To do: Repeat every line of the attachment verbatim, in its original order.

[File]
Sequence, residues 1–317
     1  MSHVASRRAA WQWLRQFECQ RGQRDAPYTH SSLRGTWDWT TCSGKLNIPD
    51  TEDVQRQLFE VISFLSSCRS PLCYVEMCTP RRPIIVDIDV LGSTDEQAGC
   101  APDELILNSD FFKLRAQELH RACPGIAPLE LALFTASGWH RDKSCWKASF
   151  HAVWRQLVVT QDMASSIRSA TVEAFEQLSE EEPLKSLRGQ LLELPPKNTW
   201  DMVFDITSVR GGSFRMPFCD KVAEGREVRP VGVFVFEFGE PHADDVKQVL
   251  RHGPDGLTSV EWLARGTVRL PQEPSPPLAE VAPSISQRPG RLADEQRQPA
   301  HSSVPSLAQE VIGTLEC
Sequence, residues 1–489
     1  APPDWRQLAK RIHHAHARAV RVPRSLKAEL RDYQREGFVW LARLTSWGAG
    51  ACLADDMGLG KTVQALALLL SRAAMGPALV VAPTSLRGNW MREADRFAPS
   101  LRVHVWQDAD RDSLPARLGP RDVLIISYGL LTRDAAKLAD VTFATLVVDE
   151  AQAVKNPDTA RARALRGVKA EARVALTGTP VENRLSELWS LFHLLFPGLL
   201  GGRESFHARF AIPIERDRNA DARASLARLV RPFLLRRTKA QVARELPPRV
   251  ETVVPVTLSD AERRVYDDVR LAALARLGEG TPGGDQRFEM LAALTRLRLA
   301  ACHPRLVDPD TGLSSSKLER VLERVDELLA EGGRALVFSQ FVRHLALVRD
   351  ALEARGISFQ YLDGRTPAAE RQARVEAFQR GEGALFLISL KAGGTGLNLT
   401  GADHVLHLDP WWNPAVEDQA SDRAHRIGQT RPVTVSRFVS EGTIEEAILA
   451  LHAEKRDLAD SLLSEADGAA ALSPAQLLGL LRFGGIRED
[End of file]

Sequence, residues 1–317
     1  MSHVASRRAA WQWLRQFECQ RGQRDAPYTH SSLRGTWDWT TCSGKLNIPD
    51  TEDVQRQLFE VISFLSSCRS PLCYVEMCTP RRPIIVDIDV LGSTDEQAGC
   101  APDELILNSD FFKLRAQELH RACPGIAPLE LALFTASGWH RDKSCWKASF
   151  HAVWRQLVVT QDMASSIRSA TVEAFEQLSE EEPLKSLRGQ LLELPPKNTW
   201  DMVFDITSVR GGSFRMPFCD KVAEGREVRP VGVFVFEFGE PHADDVKQVL
   251  RHGPDGLTSV EWLARGTVRL PQEPSPPLAE VAPSISQRPG RLADEQRQPA
   301  HSSVPSLAQE VIGTLEC
Sequence, residues 1–489
     1  APPDWRQLAK RIHHAHARAV RVPRSLKAEL RDYQREGFVW LARLTSWGAG
    51  ACLADDMGLG KTVQALALLL SRAAMGPALV VAPTSLRGNW MREADRFAPS
   101  LRVHVWQDAD RDSLPARLGP RDVLIISYGL LTRDAAKLAD VTFATLVVDE
   151  AQAVKNPDTA RARALRGVKA EARVALTGTP VENRLSELWS LFHLLFPGLL
   201  GGRESFHARF AIPIERDRNA DARASLARLV RPFLLRRTKA QVARELPPRV
   251  ETVVPVTLSD AERRVYDDVR LAALARLGEG TPGGDQRFEM LAALTRLRLA
   301  ACHPRLVDPD TGLSSSKLER VLERVDELLA EGGRALVFSQ FVRHLALVRD
   351  ALEARGISFQ YLDGRTPAAE RQARVEAFQR GEGALFLISL KAGGTGLNLT
   401  GADHVLHLDP WWNPAVEDQA SDRAHRIGQT RPVTVSRFVS EGTIEEAILA
   451  LHAEKRDLAD SLLSEADGAA ALSPAQLLGL LRFGGIRED